One way or another, he'll watch his daughter win the award she's admittedly most proud to have earned.
"I can't think of any award we would try so hard to get my dad to be there for," Lewis said. "I'm more than thrilled -- really, really, really humbled, because it means a lot to a lot of people. It means we've done a good job for them [Women in Sports & Events] to think this way."
Most recently in a long list of achievements geared toward workforce diversity in her two-plus decades at MLB, Lewis was critical in starting the two-day Selig Business Conference -- a massive trade fair that will take place at the Georgia Aquarium May 12-13 as part of the Civil Rights Game events.
Lewis' father, Emcee Williams, will be 92 in May. He still lives at home and is still in pretty good health. In fact, Lewis worked it out so that her father can bring a group of his friends as special guests at various Brewers games this season.
"He's so excited," Lewis said. "But I tell him, 'Dad, you have to wait.'"
Lewis' mother, Alma Williams, passed away eight years ago from cancer. Before then, Emcee and Alma visited the same deli and dry cleaners as Selig and ran into him frequently. And every time they did, Selig would make sure to stop and say hello.
Those trips don't happen anymore for Emcee, and neither does much traveling at all. But he still brags about his daughter's involvement with baseball.
"He thinks it's just so special that baseball actually pays me to make sure there's a more diverse representation," Lewis said. "He just thinks it's incredible."
WISE, described as the leading voice and resource for professional women in the sports and events industries, was founded in 1993 and has 10 chapters across the country. According to a release issued by the organization, WISE "aims to offer its members the opportunity to gain valuable industry insights and connections that can give them a competitive advantage in their current position, and as they advance in their careers."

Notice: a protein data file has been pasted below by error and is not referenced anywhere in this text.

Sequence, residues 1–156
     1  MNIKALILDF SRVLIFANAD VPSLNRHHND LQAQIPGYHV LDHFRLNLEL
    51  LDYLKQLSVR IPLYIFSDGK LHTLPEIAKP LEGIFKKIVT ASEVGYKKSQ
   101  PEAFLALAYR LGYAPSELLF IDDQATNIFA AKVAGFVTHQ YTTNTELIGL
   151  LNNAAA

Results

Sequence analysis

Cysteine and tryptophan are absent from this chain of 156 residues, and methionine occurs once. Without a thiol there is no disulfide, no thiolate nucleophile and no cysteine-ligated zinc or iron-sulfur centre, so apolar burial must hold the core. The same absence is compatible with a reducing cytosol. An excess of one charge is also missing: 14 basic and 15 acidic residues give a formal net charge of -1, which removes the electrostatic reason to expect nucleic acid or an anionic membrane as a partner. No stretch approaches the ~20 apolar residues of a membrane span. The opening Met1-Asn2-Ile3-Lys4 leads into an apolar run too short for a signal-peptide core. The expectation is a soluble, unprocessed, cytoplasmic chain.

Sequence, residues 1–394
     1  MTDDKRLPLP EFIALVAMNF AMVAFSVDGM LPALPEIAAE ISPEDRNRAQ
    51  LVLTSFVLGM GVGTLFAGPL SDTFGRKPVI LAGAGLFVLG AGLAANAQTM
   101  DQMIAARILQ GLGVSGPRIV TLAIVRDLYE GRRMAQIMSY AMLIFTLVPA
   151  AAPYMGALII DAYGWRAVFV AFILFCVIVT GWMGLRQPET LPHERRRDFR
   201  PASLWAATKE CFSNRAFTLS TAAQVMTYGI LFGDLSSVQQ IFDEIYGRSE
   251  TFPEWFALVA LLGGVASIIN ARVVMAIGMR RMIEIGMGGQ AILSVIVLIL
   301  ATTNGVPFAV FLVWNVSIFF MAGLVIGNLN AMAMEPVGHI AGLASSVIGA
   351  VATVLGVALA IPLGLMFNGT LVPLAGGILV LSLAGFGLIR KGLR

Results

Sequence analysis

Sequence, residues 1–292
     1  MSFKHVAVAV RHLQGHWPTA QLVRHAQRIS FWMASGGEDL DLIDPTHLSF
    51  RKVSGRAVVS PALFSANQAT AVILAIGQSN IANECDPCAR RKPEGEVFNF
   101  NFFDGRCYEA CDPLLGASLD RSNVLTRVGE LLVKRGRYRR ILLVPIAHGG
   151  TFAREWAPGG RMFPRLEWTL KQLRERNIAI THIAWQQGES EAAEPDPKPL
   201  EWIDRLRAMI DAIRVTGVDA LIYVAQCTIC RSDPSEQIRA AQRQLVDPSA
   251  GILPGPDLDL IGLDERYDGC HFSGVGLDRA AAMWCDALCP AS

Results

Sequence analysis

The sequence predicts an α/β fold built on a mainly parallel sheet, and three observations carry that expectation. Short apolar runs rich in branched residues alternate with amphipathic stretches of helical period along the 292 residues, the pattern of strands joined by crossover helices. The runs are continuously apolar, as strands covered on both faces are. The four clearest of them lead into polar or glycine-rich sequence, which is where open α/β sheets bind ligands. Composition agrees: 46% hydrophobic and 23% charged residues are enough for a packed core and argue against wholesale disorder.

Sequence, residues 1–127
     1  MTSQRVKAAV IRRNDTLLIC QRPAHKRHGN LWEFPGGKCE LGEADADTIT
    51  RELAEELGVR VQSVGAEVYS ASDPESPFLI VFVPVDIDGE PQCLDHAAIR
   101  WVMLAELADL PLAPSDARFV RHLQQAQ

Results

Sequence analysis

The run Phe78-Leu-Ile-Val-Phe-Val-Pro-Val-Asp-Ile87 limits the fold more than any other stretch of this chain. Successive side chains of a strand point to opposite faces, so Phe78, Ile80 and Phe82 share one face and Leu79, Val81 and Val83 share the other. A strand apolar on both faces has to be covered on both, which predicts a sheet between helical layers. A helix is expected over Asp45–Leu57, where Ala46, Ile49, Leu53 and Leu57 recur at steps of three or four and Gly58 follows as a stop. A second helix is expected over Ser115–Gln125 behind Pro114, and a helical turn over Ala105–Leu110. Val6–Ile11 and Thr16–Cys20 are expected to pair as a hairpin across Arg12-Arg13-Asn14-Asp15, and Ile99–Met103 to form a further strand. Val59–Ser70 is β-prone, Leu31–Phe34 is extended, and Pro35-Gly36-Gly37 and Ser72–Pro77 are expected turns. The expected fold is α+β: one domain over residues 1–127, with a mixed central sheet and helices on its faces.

Every year, the organization's national board creates a Women of the Year ballot based off recommendations, then sends an email blast to its 1,200 members for voting.
After being listed at least two previous times, Lewis finally got over the hump this year, joining Stacey Allaster (chairman and CEO of the Women's Tennis Association) and Lisa Baird (chief marketing officer of the United States Olympic Committee) as winners.
"This one specifically is very special, because of the selection process and because of the caliber of women who have received it in the past," Lewis said. "It has always meant a lot to me. The thought of joining this unique club of extraordinary people -- it's the most special honor I've ever received."
The WISE winners, according to a release issued by the organization, were selected because they "are visible leaders and continue to be an influential voice for women in the industry," they "have broken down barriers and helped create connections and new opportunities for other women," and they "exemplify professional excellence and are role models for others."
"[Lewis] has great achievements and has proven to be a leader and is well-respected," WISE founder and national president Sue Rodin said. "Aside from her career accomplishments, she's also very supportive of WISE and what it does."
Lewis did her undergraduate studies at the University of Wisconsin-Oshkosh, got her MBA at Northwestern University and began working at MLB while serving as manager of human resources with the Cubs in 1987 -- at a time when professional sports leagues didn't really have HR representation.
Lewis then moved to MLB's Central Office in New York in 1995, and along the way has steered several initiatives geared toward diversity in the workplace. Perhaps most notably, she now manages the leadership of MLB's Diverse Business Partners Program -- the leading supplier-diversity program in sports, which has resulted in more than $800 million being spent with thousands of minority- and women-owned businesses.
"Wendy kind of goes under the radar," MLB executive vice president of baseball development Jimmie Lee Solomon said. "She does a tremendous job. On behalf of minority and women in businesses, she has basically been responsible for MLB spending tens of millions of dollars in that sector. That, in large part, is a tribute to her hard work."
And as a tribute to that, Lewis will be one of several notable winners of a prestigious honor.
Her biggest fan plans on being there to see it.
"I'm just so excited of just the thought of it," Emcee said about Lewis wanting him there. "I appreciate it very much."